Treasury Bond ETFs Weakening on Foreign Demand Concerns

Treasury Bond ETFs Weakening on Foreign Demand Concerns

U.S. Treasury yields jumped to 10-month highs on Wednesday after Bloomberg News reported that Chinese officials have recommended the country slow or halt its purchases of the U.S. bonds. The greenback also lost ground against a basket of major currencies. The Bloomberg News report had lifted yields on the 10-year government bond to a 10-month high on Wednesday.

This week's bond wobble comes as President Donald Trump looks to balance its huge trade surplus with China, and as Washington loses patience with Beijing over its handling of the North Korea nuclear crisis.

A treasury bond is a marketable, fixed-interest United States government debt security with a maturity of more than 10 years.

On the US economic front, the Labor Department released a report showing import prices rose by much less than expected in the month of December.

The Chinese officials, who were not named, said the market for US government bonds is becoming less attractive relative to other assets, according to the report. "There's no way on earth the Chinese stop buying US Treasuries", said Robert Pavlik, chief investment strategist, SlateStone Wealth in NY.

"The US Treasury market is a deep, robust market within the world and so we are confident that our economy, with the economy strengthening, that it will remain a deep, robust market", Mr Malpass told reporters.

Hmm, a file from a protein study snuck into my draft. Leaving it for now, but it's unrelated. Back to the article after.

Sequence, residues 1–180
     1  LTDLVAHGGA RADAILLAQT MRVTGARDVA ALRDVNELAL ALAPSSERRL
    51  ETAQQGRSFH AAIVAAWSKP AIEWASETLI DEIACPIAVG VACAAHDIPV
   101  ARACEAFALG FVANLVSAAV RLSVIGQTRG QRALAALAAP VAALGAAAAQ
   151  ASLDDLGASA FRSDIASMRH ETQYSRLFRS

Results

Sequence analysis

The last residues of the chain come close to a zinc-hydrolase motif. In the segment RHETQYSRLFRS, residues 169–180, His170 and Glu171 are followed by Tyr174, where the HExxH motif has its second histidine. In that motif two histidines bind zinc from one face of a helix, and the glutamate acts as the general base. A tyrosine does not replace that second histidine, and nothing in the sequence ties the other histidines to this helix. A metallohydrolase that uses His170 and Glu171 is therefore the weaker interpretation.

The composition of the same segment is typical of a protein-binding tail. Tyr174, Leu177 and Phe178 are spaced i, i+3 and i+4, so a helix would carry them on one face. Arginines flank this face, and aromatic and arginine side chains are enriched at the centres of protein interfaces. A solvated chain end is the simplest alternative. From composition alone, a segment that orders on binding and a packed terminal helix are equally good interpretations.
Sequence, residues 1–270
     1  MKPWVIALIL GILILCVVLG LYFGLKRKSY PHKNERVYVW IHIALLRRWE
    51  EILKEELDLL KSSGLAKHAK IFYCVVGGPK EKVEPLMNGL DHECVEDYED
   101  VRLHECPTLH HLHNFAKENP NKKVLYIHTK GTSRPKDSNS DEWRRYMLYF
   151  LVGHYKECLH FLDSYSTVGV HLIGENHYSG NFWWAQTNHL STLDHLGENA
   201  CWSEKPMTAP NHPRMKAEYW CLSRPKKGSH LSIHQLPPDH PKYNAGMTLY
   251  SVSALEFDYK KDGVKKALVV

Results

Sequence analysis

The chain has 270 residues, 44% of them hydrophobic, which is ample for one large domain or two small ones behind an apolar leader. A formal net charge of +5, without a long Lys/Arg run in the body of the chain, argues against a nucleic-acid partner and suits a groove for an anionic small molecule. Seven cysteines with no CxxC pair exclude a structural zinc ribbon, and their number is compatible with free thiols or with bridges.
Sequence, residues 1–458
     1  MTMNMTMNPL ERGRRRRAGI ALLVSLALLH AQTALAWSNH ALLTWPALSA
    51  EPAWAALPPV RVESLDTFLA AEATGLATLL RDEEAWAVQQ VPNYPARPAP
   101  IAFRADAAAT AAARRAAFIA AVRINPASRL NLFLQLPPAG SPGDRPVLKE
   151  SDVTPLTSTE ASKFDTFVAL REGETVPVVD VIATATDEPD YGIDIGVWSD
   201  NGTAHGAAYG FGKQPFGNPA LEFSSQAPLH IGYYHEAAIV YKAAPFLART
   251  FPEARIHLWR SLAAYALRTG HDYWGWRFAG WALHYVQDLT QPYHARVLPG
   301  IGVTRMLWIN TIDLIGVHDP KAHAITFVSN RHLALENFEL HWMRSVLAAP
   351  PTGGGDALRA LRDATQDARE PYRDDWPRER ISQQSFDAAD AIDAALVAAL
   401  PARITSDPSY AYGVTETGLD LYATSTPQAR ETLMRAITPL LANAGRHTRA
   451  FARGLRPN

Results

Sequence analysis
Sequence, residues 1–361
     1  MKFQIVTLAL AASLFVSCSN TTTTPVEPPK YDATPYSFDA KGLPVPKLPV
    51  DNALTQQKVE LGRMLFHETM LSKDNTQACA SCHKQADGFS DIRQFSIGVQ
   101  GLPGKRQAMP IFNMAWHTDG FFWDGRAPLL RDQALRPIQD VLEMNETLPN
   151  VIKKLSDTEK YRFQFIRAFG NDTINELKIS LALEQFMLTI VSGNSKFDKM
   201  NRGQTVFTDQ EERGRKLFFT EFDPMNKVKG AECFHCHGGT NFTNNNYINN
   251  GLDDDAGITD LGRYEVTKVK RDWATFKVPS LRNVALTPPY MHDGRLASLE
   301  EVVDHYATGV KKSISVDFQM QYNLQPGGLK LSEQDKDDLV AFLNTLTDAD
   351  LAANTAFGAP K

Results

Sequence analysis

China has the world's biggest foreign reserves of about US$3.1 trillion by December, which rose slightly in 2017 because of a 6.7 per cent appreciation of the Chinese currency.

Again, this was a report citing anonymous government sources. The driving forces include global economic growth, the U.S. Federal Reserve raising its benchmark rate and other central banks reducing quantitative easing policies of buying sovereign debt to repress rates.

The dollar recouped some of its recent losses on Thursday after China's regulator dismissed a report that the country could halt its buying of US treasuries, boosting the greenback following its biggest one-day fall in a month. But it might not be time to panic yet, strategists at Danske Bank A/S said.

A shrinking pile of overall foreign exchange reserves could mean lower demand for U.S. bonds.

If central bank reserves are to be truly diversified, or bare any resemblance to the shape of the global economy, then reserves managers have to keep pace with this trend.

USA inflation data are forecast to show price pressures remain muted for now, giving hawks little reason to argue for faster tightening. However, we believe USA inflation pressures are picking up.

"If the reports turn out to be true and China no longer sees Treasuries as an attractive option, the repercussions could be significant as the country is one of the biggest holders of US debt", Craig Erlam, senior market analyst at OANDA in London, said in a note.

Remember, yields fall when bond prices rise.

The rising yields led Bill Gross of Janus Henderson, whose renown as a bond investor came to define the multidecade bull market for fixed-income securities, to pronounce the start of a bear market for bonds, although he said on Wednesday that he did not foresee drastic losses. That's just how markets work.

"We don't see a material impact on the Dollars, and our view is for further USD depreciation as the global economy picks up and "other" central banks look toward tightening their monetary policies", Grace and Haddad say.

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